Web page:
Now I love Behaviour Driven Development I love it for many reasons but my main reason is the way it completes my development process. TDD allows me to test how my code works to validate that the new function has been implemented correctly, to put me in the mindset of writing minimalist and well structured code and to give me confidence I am not breaking any existing code. It is not so great at describing behaviour that the system is supposed to exhibit and if you work with an Agile methodology it is a pretty terrible interface between the developer and the customer.

What is BDD?

BDD was developed by Dan North to create some shared tools that both developers and customers could use. In an Agile world the product owner or customer can sit with the developers and write the features that describe the behaviour they would like the system to exhibit. Working in this way it helps the developer to get clarity on the problem and it also helps define a group of statements that can later be used as acceptance criteria.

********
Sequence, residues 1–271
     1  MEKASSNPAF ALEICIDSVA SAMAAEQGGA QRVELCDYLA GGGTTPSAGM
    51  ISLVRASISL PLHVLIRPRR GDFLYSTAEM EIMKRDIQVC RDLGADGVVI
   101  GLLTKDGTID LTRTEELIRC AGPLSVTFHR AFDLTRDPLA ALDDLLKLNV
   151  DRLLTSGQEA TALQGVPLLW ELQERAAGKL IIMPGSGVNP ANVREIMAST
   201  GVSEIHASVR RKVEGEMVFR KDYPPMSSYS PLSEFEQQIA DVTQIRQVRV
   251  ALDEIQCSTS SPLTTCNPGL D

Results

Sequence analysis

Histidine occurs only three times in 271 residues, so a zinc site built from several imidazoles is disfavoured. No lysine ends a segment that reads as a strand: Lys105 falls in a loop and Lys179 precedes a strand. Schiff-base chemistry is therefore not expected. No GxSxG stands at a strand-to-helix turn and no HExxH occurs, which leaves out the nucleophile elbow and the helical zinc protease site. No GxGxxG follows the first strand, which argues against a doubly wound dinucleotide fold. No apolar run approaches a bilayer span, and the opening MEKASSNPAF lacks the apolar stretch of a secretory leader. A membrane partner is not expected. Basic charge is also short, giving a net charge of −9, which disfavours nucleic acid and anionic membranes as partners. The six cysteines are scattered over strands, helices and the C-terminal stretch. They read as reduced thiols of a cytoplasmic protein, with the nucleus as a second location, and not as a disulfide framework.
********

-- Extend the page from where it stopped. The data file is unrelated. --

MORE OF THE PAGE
The most common implementation is to use the Gherkin language, Gherkin is a domain specific language which uses simple grammer to describe behaviour without having to detail how it is implemented. Below is a simple example that might define some of the functinality for a login page:

Feature: Login Page
  As a user of the site
  I should be able to login

  Scenario: Login Page Title
    Given I go on "login.html"
    Then the title should equal "Login"

  Scenario: Login With In-Correct Details
    Given I go on "login.html"
    When I enter incorrect user credentials
    Then I should see the message "Either your username or password are incorrect!"

There is no complex code going on here, the feature file reads in simple plain English and the developer has sat with the customer to write this so there is no area for misinterpretation. This on its own is pretty useful as it’s a nice uniform way to define acceptance criteria. The real beauty of Gherkin however is when you use it with an automated test suite, this allows the developer to write code using an outside in methodology, repeatedly and predictably testing the implementation.